• According to Ruto, who met business leaders in the country following his two-day state visit, Kenya and India share more than people believe.
• The legal system you have in this country is the one we have in Kenya and we also share a political culture.
President William Ruto, in a bid to woo Indian investors into the Kenyan market, outlined similarities and differences the two countries share.
According to Ruto, who met business leaders in the country following his two-day state visit, Kenya and India share more.
He started with the language aspect, where he said that the two countries speak English.
He, however, said that he would not want to get into the debate of who speaks it better.
Ruto said the two countries also share many things including the law and political cultures, as well as support for democracy.
"Similar in the fact that we all speak English. I don't know who speaks better, but we speak English. The legal system you have in this country is the one we have in Kenya and we also share a political culture. When I was speaking with the Prime Minister earlier I congratulated him because I saw his party won many seats in the elections reported yesterday.
"Elections are part of our culture, democracy is part of our culture and we are very proud to share democracy with India, being the largest democracy in the world."
On the differences between the two nations, Ruto said Kenya offers bigger and better opportunities businesswise, compared to India.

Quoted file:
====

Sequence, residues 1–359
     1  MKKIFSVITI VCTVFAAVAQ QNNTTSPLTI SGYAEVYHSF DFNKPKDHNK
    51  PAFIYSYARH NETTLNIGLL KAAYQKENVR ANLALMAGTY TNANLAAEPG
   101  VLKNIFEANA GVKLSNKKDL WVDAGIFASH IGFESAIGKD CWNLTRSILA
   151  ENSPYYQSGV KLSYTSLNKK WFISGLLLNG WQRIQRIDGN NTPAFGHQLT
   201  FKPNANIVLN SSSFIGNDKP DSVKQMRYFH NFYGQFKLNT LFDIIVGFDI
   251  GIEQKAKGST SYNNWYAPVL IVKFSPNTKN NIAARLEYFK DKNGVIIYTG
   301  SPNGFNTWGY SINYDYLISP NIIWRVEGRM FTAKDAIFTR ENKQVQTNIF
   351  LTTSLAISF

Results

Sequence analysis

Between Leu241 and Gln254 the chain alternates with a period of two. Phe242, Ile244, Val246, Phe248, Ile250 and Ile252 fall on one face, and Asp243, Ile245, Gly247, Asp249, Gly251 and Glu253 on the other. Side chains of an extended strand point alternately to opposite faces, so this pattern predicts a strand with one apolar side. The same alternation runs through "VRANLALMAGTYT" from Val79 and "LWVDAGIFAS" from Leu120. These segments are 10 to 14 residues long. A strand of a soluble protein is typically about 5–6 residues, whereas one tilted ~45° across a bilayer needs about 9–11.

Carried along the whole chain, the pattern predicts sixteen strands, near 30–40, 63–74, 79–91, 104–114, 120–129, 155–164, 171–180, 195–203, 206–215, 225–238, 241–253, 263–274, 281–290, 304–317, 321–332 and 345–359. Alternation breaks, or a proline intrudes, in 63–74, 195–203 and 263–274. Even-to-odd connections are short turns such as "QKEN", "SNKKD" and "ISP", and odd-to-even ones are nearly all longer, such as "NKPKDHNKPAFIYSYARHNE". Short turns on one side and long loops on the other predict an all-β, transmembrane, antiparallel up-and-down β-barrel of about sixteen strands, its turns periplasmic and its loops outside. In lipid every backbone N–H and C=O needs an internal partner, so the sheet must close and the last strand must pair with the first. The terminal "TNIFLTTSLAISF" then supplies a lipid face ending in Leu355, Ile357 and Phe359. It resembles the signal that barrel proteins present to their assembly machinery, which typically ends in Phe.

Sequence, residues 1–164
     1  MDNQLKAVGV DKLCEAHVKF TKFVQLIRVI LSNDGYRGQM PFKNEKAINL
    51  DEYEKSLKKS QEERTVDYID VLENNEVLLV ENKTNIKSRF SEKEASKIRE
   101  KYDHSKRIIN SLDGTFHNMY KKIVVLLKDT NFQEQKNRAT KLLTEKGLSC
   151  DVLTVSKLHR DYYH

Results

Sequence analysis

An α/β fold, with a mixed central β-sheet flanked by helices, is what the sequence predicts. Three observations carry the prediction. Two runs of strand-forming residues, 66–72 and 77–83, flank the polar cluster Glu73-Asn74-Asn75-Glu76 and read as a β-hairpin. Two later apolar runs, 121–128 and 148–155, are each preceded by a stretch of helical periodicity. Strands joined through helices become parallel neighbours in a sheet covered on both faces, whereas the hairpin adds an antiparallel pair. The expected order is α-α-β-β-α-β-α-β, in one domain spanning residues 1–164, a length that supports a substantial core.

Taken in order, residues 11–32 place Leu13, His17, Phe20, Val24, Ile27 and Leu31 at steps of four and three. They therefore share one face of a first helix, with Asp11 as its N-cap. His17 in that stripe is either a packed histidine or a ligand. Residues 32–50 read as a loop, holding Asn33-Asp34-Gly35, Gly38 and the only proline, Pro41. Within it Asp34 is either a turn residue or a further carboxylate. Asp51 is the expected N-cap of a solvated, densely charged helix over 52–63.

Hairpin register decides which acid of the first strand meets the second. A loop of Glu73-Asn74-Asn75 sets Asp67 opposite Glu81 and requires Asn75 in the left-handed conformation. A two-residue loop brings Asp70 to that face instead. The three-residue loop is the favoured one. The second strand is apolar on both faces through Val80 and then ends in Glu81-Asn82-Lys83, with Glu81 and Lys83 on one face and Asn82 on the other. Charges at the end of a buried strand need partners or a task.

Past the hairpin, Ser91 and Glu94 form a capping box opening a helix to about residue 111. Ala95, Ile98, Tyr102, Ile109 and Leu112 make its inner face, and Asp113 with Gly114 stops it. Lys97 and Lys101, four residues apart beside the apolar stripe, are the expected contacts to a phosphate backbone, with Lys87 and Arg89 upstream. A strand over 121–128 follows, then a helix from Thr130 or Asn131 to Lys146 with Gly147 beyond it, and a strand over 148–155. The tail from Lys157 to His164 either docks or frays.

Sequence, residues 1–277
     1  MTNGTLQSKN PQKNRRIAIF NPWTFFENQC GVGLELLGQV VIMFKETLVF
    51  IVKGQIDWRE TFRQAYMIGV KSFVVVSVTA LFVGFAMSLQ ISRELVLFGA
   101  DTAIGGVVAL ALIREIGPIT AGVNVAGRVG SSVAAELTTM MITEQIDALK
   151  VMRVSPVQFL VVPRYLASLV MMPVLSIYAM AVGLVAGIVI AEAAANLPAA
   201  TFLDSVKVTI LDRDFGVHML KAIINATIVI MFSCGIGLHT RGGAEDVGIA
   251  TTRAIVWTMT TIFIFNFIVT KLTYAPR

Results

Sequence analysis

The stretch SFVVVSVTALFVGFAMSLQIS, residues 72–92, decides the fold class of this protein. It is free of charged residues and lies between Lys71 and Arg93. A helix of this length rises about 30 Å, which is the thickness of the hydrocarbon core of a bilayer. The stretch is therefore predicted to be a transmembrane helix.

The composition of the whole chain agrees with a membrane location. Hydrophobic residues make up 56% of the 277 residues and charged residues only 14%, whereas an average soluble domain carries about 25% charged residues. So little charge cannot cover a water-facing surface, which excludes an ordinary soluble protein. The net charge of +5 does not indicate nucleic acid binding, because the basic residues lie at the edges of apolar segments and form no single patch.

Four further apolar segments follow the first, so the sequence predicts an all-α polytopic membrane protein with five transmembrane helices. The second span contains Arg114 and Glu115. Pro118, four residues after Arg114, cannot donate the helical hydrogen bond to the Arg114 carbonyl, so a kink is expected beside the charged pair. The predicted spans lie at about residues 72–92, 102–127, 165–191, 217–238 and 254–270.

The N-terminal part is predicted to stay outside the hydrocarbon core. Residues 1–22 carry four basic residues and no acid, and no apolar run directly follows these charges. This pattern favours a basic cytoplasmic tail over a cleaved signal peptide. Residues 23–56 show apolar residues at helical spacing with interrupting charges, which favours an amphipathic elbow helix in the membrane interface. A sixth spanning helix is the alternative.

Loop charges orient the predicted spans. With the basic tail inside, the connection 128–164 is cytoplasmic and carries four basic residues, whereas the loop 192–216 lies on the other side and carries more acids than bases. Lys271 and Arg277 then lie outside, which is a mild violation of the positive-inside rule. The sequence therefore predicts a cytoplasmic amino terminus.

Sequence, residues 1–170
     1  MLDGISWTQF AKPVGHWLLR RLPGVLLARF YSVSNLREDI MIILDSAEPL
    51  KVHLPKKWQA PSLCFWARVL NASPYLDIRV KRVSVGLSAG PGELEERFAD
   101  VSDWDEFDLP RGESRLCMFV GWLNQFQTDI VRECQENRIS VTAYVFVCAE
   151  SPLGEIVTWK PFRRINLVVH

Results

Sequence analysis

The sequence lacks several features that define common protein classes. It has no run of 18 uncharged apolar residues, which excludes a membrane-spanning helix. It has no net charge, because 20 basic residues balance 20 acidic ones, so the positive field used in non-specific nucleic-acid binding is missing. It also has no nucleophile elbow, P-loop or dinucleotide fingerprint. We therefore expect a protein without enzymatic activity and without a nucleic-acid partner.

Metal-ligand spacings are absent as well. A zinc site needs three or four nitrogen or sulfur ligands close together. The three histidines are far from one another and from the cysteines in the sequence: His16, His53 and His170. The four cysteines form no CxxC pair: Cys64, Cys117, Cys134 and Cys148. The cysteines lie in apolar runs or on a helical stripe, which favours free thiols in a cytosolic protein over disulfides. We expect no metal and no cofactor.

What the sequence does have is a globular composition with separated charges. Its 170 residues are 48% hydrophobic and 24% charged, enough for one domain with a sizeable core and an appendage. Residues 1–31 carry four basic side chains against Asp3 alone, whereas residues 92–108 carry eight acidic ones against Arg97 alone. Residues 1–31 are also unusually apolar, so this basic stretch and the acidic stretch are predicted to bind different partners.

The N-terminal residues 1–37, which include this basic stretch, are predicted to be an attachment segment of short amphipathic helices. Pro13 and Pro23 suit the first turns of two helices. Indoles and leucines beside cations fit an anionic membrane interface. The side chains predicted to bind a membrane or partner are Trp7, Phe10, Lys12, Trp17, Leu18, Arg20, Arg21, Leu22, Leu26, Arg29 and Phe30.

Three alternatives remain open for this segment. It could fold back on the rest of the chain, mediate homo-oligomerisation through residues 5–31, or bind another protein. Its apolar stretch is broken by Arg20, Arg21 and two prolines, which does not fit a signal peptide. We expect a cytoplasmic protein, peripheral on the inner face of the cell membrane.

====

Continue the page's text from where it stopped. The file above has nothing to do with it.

He said this is because Kenya has little competition and what this means in the end is that they get higher returns by investing in Kenya.
"Of course, we are also different in a few aspects; One is that we are different in the size of opportunity. We have bigger opportunities in Kenya than we have in India. We also have fewer competitors in Kenya in matters of business than you do in India and we have a higher return in Kenya than you do in India," the President added.
During the state visit, Ruto saw signing of at least five MOUs with the Indian government, aimed at strengthening bilateral ties.
Part of the agreements signed between the two countries include allowing Kenyan avocado into the Indian market.
The tow nations will also partner in health, Information Communication Technology, energy and the SME sectors.